Power cor­rupts – even in our re­spected NGOs

Mail & Guardian - - Comment & Analysis -

Ours is a land of the dis­pos­sessed. A land of the land­less. A land of yearn­ing and hope. A land of pain and anguish. A land of mil­lions strug­gling with the bro­ken prom­ises of lib­er­a­tion, ev­i­denced in the hun­dreds of peo­ple around the coun­try who gath­ered this week to tell their sto­ries about the land from which they draw life while still hold­ing them locked in the choke­hold of his­tory. Al­though we can blame a puni­tive global eco­nomic sys­tem for some of our fail­ures to bring proper eco­nomic re­dress to our peo­ple, we must also ad­mit the fail­ures that con­tinue to be per­pet­u­ated through­out so­ci­ety.

One is a fail­ure to check power wher­ever it man­i­fests it­self.

At a re­cent meet­ing with ed­i­tors, Pres­i­dent Cyril Ramaphosa hailed the work of the me­dia in the ex­po­sure of state cap­ture. Many in the gov­ern­ment, the pres­i­dent seemed to say, had no idea it was that bad. The Star this week re­ported that an ANC doc­u­ment sim­i­larly claims the ANC has been shocked by the ex­tent of cor­rup­tion.

While they re­cover from their shock, it is the news me­dia that con­tinue to re­port fear­lessly on wrong­do­ing, malfea­sance and in­ef­fi­ciency in the pub­lic sec­tor. By re­port­ing the news that ex­poses the cor­rupt and the in­ept, we de­mand bet­ter of our pub­lic of­fi­cials.

But the me­dia has not done this alone.

Civil so­ci­ety or­gan­i­sa­tions have also been in­stru­men­tal in do­ing this. Whether it is en­sur­ing the state ful­fils its re­spon­si­bil­ity to pro­vide safe and reli­able trans­port to pupils who would oth­er­wise have to walk for hours to go to school, en­sur­ing the gov­ern­ment pro­vides an­tiretro­vi­rals to peo­ple in­fected with HIV, or tire­lessly cam­paign­ing for Par­lia­ment to recog­nise the demo­cratic im­per­a­tive for the trans­parency of po­lit­i­cal party fund­ing, South Africa would be left poorer with­out the work of th­ese non­govern­men­tal or­gan­i­sa­tions (NGOs).

Their work is im­por­tant and must con­tinue to be guarded, es­pe­cially, as has hap­pened in the past, when they come un­der at­tack from elected of­fi­cials who seek to smear them.

But it is a tribute to their own suc­cesses that th­ese voices are si­lenced by the ur­gency of ac­tual work done, work that has strength­ened South Africans and, in many cases, has ac­tu­ally en­hanced the work of their crit­ics.

So the NGO sec­tor, which of course is not ho­moge­nous, has amassed con­sid­er­able power. Yes, it has done so over years of hard and ad­mirable work but power can lead to abuse of power.

Now, as the Mail & Guardian turns its fo­cus to al­le­ga­tions of abuse of power in the NGO space, our work has been met with hos­til­ity, re­sent­ment and sus­pi­cion. And it has left us per­plexed.

Surely, the role of the me­dia as an agent of democ­racy ought to be un­der­stood by the very peo­ple who are work­ing to deepen that democ­racy. What has emerged in­stead is an ex­pec­ta­tion that we should ig­nore al­le­ga­tions of wrong­do­ing within NGOs lest it scup­per the im­por­tant work of th­ese or­gan­i­sa­tions. It’s very much like the ANC say­ing we ought not to re­port on the fact that the or­gan­i­sa­tion is in sham­bles be­cause Nel­son Man­dela spent 26 years on Robben Is­land.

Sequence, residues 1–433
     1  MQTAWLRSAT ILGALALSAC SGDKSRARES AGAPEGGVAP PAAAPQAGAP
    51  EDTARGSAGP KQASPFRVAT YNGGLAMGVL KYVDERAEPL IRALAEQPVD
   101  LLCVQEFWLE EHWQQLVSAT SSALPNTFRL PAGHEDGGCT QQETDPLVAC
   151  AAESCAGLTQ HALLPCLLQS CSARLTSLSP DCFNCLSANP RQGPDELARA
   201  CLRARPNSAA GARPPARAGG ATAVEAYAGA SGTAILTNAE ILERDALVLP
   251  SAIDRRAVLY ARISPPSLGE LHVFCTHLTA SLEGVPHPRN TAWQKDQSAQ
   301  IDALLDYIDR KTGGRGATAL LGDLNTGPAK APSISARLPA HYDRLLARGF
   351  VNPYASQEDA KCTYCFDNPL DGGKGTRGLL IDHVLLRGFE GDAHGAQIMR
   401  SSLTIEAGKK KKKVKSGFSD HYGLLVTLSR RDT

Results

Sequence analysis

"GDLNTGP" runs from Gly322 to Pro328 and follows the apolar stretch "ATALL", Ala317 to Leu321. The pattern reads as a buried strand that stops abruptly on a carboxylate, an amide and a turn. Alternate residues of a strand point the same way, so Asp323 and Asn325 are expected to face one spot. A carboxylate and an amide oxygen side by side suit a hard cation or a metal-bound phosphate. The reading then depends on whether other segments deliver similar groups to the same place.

Surely the good work of an NGO ought to be able to stand up to scru­tiny of the be­hav­iour of peo­ple with whom it is as­so­ci­ated. Surely the same peo­ple who have de­pended on us to bring at­ten­tion to their cam­paigns un­der­stand that it is the same ethics and val­ues that are used when we re­port about them.

To sug­gest that an en­tire news­room, all its re­porters and ed­i­tors, are act­ing at the be­hest of some­one’s grudge is asi­nine.

We seek to re­mind all the peo­ple who have sought to thwart the M&G’s re­port­ing on al­le­ga­tions of bul­ly­ing, sex­ual ha­rass­ment, si­lenc­ing and as­sault that it re­ports on NGOs ac­cord­ing to the same prin­ci­ples it has used to re­port on Ja­cob Zuma and the Gup­tas.

Re­spon­si­ble re­port­ing is a re­quire­ment of our ex­is­tence as a pub­lisher of news. It is our lifeblood. But our edi­to­rial in­de­pen­dence is also cru­cial to our abil­ity to con­tinue as a news pub­lisher in the ser­vice of democ­racy.

Edi­to­rial in­de­pen­dence is the free­dom of ed­i­tors to make de­ci­sions with­out in­ter­fer­ence from the own­ers of a pub­li­ca­tion. Edi­to­rial in­de­pen­dence is tested when a pub­li­ca­tion runs ar­ti­cles that may be un­pop­u­lar with its ad­ver­tis­ing clien­tele or crit­i­cal of its own­er­ship.

Edi­to­rial in­de­pen­dence is un­der­mined when board mem­bers of NGOs con­tact the chief ex­ec­u­tive of a news pub­lisher, or rep­re­sen­ta­tives of its own­ers, in an at­tempt to sway a story. Edi­to­rial in­de­pen­dence is par­tic­u­larly dis­re­garded when an ed­i­tor of an­other pub­li­ca­tion con­tacts an owner in an at­tempt to sway the fo­cus of re­port­ing on in­di­vid­u­als as­so­ci­ated with par­tic­u­lar NGOs. Th­ese are un­demo­cratic ten­den­cies.

The M&G will con­tinue to re­port on al­le­ga­tions of wrong­do­ing in NGOs just as it does on al­le­ga­tions of wrong­do­ing at the South African Rev­enue Ser­vice and Eskom. We do so be­cause ev­ery space cre­ated to serve South Africans must be mon­i­tored. And ev­ery space in which power ac­crues must be held to ac­count.

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